Last week I had a call with a potential employer that I thought had gone well. The role they are looking for is akin to an XO for the team at large. Someone to run the day-to-day details of the design program primarily through the director level. Almost exactly the job I had at USAA.
In addition, the directors were looking for a senior leader who had experience up-leveling designers and directors. So, I told the recruiter about previous times (again at USAA) when I had helped designers and a design leader get to the next level. The person seemed to be content with the stories I provided, and we moved on in the conversation.
A few days later, I received the rejection email. When I asked what it was about our call that the team didn’t like, I received this response:
The team was hoping to hear more specific examples around career growth and development, primarily as it related to more senior members of your team.
Now, I’m not sure how to interpret this, and I would love to have a direct conversation with the design leaders because if they wanted more stories, I could have provided more. Or, maybe they were looking for anecdotes about how I have coached many senior people in different career growth areas like thought leadership or skill development or relationship management. Hard to say, given the conversation I had with the recruiter—someone who is not part of the team who ultimately made the go/no-go decision.
And this is where I am left wondering why we are still using this broken system of depending on a single individual to play the telephone game to determine who is or is not a good fit for a team.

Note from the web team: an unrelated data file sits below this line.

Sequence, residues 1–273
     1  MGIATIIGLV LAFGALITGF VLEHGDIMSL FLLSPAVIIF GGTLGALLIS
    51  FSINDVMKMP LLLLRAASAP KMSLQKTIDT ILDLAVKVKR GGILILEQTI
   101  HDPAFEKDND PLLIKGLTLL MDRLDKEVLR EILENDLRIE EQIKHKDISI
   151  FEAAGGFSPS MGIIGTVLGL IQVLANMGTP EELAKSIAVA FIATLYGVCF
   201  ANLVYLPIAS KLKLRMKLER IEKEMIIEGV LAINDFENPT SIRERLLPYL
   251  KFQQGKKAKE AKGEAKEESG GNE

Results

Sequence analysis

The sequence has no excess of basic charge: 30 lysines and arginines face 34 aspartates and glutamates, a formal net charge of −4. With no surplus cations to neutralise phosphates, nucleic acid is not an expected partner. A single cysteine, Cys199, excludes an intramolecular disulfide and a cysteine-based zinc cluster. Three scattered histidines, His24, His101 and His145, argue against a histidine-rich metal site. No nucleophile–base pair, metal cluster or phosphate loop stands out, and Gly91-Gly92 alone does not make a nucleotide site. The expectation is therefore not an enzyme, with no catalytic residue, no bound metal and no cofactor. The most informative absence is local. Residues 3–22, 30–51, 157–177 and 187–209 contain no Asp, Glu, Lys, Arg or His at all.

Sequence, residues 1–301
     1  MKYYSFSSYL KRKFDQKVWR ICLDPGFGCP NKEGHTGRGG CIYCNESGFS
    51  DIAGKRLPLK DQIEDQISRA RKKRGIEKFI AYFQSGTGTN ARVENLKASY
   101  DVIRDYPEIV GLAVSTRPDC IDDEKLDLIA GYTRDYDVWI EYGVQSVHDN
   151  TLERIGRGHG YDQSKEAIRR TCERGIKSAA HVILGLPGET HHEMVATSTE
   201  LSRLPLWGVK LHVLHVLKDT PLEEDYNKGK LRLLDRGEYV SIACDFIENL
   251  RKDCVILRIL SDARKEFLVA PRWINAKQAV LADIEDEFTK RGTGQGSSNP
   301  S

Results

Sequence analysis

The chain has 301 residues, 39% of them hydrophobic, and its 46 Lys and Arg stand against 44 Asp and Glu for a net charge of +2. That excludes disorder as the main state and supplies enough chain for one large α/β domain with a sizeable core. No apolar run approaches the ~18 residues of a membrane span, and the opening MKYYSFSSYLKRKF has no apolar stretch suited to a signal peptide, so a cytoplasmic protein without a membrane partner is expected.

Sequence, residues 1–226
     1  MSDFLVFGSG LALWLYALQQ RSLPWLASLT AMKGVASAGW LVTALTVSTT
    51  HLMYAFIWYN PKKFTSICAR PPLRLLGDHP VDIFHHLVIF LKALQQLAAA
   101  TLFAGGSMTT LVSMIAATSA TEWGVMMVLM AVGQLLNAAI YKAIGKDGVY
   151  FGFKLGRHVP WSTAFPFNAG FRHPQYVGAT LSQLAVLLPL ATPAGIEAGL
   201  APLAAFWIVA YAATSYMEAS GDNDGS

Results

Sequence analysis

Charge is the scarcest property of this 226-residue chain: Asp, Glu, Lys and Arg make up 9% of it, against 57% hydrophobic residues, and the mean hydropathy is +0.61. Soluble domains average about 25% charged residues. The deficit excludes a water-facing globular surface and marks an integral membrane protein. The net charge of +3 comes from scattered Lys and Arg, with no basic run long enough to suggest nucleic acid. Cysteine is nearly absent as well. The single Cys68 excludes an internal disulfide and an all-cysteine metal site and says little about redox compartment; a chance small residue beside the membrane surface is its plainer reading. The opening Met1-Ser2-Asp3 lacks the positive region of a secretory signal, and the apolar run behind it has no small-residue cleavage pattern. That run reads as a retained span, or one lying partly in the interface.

Many months ago, I interviewed for another design leadership position. The person asked about design transformation because the company’s senior leadership wanted to embrace design and bring it into other areas of the business. I recanted my experience at both IBM and USAA, where I was in unique positions to help teach design thinking to a wide array of businesses. Next, I was asked if either business had transformed, and I replied saying it was going to take more than a few years to completely transform either company considering their size and resistance to change. Can you guess what their take-away from that conversation was?
[Candidate] was unable to successfully advocate for design transformation at either of two prior employers and found that design was perennially marginalized.
In other words, “Sorry, Greg, but because you didn’t change IBM or USAA within two years, you just don’t have what it takes to be a VP of Design at a company of 300 people with a design team of twelve.”
And so it goes.
It’s well known that communications between individuals or teams break down due to a lack of alignment around language, and that results in poor interpretation of what was said. I can’t tell you how many times I have led workshops or exercises between teams to align on language as the first collaborative activity. We do this to avoid pour communication that eventually leads to poor information and false expectations.
So why then, in 2020, do we still rely on recruiters to play the game of telephone with job candidates? What is it about the job practices within human relations that our hiring processes are stuck in the 1960s? Why is it taking senior designers like Melissa Kark five months and 130 applications to get to three offers?
How many good, talented people have didn’t make the cut because the recruiter did not have the adequate language and the nuance to relate a candidate’s perspectives and experiences to the hiring team? Where is the genuine curiosity that would help uncover new and potentially intriguing insights that could inform the candidate’s viability? Especially if their “shape” is slightly different than what the team had in mind.
If there is any group at the Enterprise that can fix this, it’s design. And we are unique enough to get away with a break in protocol to execute different methods and experiences to find a much better process for both the “user” and the “business.” Hiring is so important (even more so now), and to continue leaving the process up to the status quo is holding back the maturity and progression of the industry at large.